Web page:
Road accidents in the United States – Statistics & Facts

Road accidents in the United States – Statistics & Facts

The United States is one of the busiest countries in terms of road traffic with nearly 284 million vehicles in operation as of the third quarter of 2021. It was further reported that more than 228.7 million drivers were holding a valid driving license as of 2019. This level of traffic is one of the reasons leading to more road accidents: In 2019, there were some 12.15 million vehicles involved in crashes in the United States, with over half that volume being passenger cars. The number of road accidents per one million inhabitants in the U.S. is forecast to dip down in the next years, reaching just over 7,100 in 2025. A slower decrease is further tipped for the number of fatalities due to traffic accidents.

Injuries and fatalities on the road

The United States is among the countries with the highest rate of traffic-related fatalities per one million population. The rate of traffic fatalities per 100 million annual vehicle miles traveled (VMT) peaked in 2016, before slowly dropping down to 1.11 traffic-related fatalities per 100 million VTM in 2019. While traffic-related fatalities were lower in 2019, they spiked up to the highest level recorded since 2016 in 2020. This was most visible as the country reopened following stay-at-home orders due to the COVID-19 pandemic. All States were partially reopened by June 2020, month were fatalities started to increase year-over-year. Most of the fatalities recorded were occupants of vehicles, excluding motorcyclists.

In non-fatal crashes, drivers and motor vehicle passengers also recorded the most traffic-related injuries. This was in part due to the mass motorization in the United States, which recorded a higher number of cars and light trucks on the road when compared to other private modes of transport. The total number of injured people in motor vehicle crashes reported a sharp increase between 2015 and 2016, before dipping in 2017 and flattening through 2019.

Evolution and mitigation of the risk factors

Drunk driving and speeding were two of the main road accident risk factors in the United States. In 2019, speeding-related accidents accounted for close to 9,500 traffic fatalities, while alcohol-impaired driving fatalities represented over a quarter of the deaths recorded that same year. 21 to 24-year-olds were the age group most at risk of being involved in an alcohol-impaired driving fatal crash, with over a quarter of the age group involved in these types of accidents in 2019. All 50 states have a .08 blood alcohol concentration limit for drivers, after which they are driving under the influence of alcohol.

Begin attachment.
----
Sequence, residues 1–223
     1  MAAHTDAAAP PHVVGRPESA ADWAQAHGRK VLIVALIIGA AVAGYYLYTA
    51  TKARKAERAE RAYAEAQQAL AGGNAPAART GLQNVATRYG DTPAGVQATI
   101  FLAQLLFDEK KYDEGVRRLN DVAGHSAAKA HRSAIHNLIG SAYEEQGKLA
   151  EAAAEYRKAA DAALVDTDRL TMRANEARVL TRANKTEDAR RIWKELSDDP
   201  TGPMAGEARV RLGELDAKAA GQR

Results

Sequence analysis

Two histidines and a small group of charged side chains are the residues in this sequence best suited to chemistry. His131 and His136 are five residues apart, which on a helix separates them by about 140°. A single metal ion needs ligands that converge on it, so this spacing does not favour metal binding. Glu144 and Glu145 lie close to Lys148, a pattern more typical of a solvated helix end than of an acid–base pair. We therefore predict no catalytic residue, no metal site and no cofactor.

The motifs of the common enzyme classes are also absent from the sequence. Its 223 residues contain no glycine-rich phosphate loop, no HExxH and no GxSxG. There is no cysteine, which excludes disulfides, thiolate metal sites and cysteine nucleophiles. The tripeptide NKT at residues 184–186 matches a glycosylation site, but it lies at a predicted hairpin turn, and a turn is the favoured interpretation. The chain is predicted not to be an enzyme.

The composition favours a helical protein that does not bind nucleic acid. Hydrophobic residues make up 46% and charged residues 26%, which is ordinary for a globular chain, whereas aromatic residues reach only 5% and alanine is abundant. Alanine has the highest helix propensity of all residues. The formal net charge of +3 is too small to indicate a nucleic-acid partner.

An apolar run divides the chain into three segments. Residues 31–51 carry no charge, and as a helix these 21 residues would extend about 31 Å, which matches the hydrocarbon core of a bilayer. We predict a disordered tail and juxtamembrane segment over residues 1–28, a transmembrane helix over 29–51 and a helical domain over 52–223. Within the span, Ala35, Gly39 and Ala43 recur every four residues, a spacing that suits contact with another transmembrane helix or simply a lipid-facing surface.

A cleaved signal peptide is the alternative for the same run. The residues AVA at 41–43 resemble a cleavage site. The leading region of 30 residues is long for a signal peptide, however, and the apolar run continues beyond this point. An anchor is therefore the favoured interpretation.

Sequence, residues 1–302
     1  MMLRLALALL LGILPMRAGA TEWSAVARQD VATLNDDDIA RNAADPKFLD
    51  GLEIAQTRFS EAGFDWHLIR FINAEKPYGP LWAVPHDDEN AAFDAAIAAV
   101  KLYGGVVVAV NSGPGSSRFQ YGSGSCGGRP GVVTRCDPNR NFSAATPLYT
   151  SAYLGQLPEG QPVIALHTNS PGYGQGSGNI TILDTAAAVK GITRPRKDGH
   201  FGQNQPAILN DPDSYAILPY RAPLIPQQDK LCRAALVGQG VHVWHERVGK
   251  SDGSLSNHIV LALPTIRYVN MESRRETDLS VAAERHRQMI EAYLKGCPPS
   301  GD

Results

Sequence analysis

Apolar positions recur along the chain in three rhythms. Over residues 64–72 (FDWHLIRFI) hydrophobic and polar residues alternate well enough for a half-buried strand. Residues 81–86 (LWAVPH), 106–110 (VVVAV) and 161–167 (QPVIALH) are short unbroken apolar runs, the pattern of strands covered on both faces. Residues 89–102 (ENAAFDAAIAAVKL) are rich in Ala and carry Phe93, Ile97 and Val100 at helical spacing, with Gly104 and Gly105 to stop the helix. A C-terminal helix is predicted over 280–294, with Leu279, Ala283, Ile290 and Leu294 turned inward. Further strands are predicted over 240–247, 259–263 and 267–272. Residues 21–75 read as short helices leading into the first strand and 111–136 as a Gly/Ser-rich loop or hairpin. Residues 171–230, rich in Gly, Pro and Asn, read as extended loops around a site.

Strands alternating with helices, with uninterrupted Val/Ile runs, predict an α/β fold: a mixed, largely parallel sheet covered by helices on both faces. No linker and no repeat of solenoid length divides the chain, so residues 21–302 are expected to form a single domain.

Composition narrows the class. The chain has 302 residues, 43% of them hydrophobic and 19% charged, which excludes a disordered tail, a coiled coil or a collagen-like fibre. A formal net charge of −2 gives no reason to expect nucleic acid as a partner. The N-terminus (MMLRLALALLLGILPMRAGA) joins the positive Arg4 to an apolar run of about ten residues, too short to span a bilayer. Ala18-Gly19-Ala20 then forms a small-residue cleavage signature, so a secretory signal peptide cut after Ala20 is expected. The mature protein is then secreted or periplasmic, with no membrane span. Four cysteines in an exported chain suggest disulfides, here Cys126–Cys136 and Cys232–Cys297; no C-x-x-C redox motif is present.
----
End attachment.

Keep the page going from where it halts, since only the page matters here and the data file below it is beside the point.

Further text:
Risk factor mitigation is one of the main concerns of the population. In a 2021 survey, U.S. consumers highlighted car safety as the most important characteristic when deciding on a new car, above fuel efficiency, high quality, and low prices. Vehicle seat belts and motorcycle helmets are some of the safety tools helping mitigate the risks on the roads. The U.S. recorded a stable seatbelt use, at 90.3 percent in 2020, but motorcycle helmet use dropped under 70 percent in that same year. State legislations vary regarding helmet use. In states requiring motorcyclists to wear one, a higher usage rate of helmets compliant with the Department of Transportation’s guidelines was recorded. These legislations also almost doubled the share of non-compliant helmet use when compared to other states, and the share of motorcyclists wearing no helmet shrunk from over 40 percent to under six percent in states with helmet requirements.


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